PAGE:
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Wednesday, May 31, 2023

Poland – a nation of heroes and an example for Europe

By: Keith Miles

I wonder how many times Poland will have to save Europe? And how many people know the heroic nature of Poland’s centuries-long struggle to preserve its own country?

If our leaders and teachers study Polish history, they will understand not only the strong Polish support for an independent Ukrainian state, but also why Poland will not allow the European Union to diminish the importance of nations.

The history of Poland is not particularly well known, because after being torn apart by the surrounding powers, they had no interest in educating their population about the merits of the Poles.

It seems to me that there are three phases to think about in Polish modern history. The first is the so-called Golden Age, when Poland was a kingdom from 1025 and when it united with Lithuania in 1569. The second phase was from 1772, when it was divided between neighbouring countries, until 1918, when the republic was established. This lasted until 1939, when Nazi Germany and the communist Soviet Union divided it again. After World War II, it was effectively a fiefdom of the USSR. The third phase began in 1990, when the communist totalitarian government was overthrown, and the third republic began to function.

The Golden Age is remarkable in many ways and to some extent resembles developments in England, which the absolutist monarchies surrounding Poland did not approve of. Poland, although much larger than England from the 12th to the 18th century and militarily more powerful for most of that period, did not have the advantage of a surrounding and defensive protective sea.

The achievements of the Golden Age are numerous, but the following stand out in particular; Christianisation in 966, the Statute of Kalisz, which granted unprecedented autonomy to Polish Jews and thus attracted persecuted Jews from other parts of Europe, the opening of the University of Krakow in 1364, the establishment of a bicameral parliament in 1493, the transfer of legislative power from the monarch to the parliament in 1505 (early form constitutional monarchy), tolerance towards Protestantism in the 16th century, and John III Sobieski helped Austria break the Ottoman siege of Vienna in 1683 and thus saved Europe for the first time.

The years of partition were obviously negative for Poland, but the Polish people never lost their will to regain their own country, and there were several uprisings. The adoption of the first modern constitution in Europe in 1791 was undoubtedly an attempt to preserve some autonomy, but it clearly upset the absolute monarchies that divided the country. However, their best chance came in 1918 after the First World War, when the Second Republic was established and they had to defend their independence from the Bolshevik Red Army, and by defeating it in the Battle of Warsaw, they saved Europe for the second time. After the loss of statehood in 1939 in favour of Germany and the Soviet Union, Poland resisted internally as partisans, but externally joined the Allies with its pilots and soldiers. The most notable were their achievements in the biggest air battle of the time, the “Battle of Britain”. During the Second World War, Poland was the scene of many massacres and war crimes, especially the extermination camps, as well as the Soviet massacre of Polish officers in Katyn and civilians in the Soviet occupation zone. About 6 million Poles lost their lives, 50 percent of them Jews.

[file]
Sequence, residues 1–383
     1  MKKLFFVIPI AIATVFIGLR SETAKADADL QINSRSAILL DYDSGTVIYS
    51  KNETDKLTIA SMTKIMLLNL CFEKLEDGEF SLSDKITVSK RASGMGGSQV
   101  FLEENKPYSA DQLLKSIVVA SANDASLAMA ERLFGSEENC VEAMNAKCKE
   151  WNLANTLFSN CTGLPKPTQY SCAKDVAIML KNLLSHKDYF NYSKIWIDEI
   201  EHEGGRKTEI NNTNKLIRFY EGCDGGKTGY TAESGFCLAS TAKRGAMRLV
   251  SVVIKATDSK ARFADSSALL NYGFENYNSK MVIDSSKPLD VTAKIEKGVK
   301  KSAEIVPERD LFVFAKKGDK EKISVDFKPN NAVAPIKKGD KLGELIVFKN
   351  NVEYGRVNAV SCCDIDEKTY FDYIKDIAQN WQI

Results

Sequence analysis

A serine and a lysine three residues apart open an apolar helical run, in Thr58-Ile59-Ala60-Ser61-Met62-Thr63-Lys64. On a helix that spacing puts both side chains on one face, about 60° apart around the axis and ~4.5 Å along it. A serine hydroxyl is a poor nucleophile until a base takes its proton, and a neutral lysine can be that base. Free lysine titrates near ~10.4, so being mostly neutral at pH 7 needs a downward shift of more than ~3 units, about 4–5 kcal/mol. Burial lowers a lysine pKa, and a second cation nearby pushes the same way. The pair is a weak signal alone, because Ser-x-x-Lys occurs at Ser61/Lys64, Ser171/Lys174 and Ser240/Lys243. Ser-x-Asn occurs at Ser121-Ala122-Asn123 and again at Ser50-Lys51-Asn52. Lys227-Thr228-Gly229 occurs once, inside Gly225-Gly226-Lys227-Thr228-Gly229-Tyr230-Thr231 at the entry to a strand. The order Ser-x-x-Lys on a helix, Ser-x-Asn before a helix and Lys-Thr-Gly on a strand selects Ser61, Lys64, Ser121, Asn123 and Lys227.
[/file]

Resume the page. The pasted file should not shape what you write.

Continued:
The country was re-established in 1945 under Soviet auspices and communist rule from 1947 to 1989, which the Poles resisted again and again and never gave up their goal of becoming a free democratic country. This was achieved in 1990 after the successful operation of the independent trade union Solidarity. With the arrival of the Polish Pope John Paul II. and with the Solidarity movement and with the open support of Reagan and Thatcher, the liberation of Central and Eastern Europe from communist dictatorship and oppression began. We can say that Poland saved Europe for the third time.

Of course, there are many famous Polish artists and scientists, and this article is too short to mention them all, but Frideric Chopin, Marie Curie, Artur Rubinstein, Joseph Conrad, Czesław Milosz, and Andrzej Wajda should be mentioned. It will also surprise many that filmmakers Samuel Goldwyn and the Warner brothers came from Poland.

Poland was quick to help Ukraine in its struggle for freedom, at great economic cost to it, while also setting an example for the rest of Europe and the world.

If we consider not only achievements, but also centuries of struggle, Poland is truly a nation of heroes with strong democratic instincts.

Perhaps with a determination to preserve the nation-state against the pressures of the empire builders in Brussels, they will once again save Europe.


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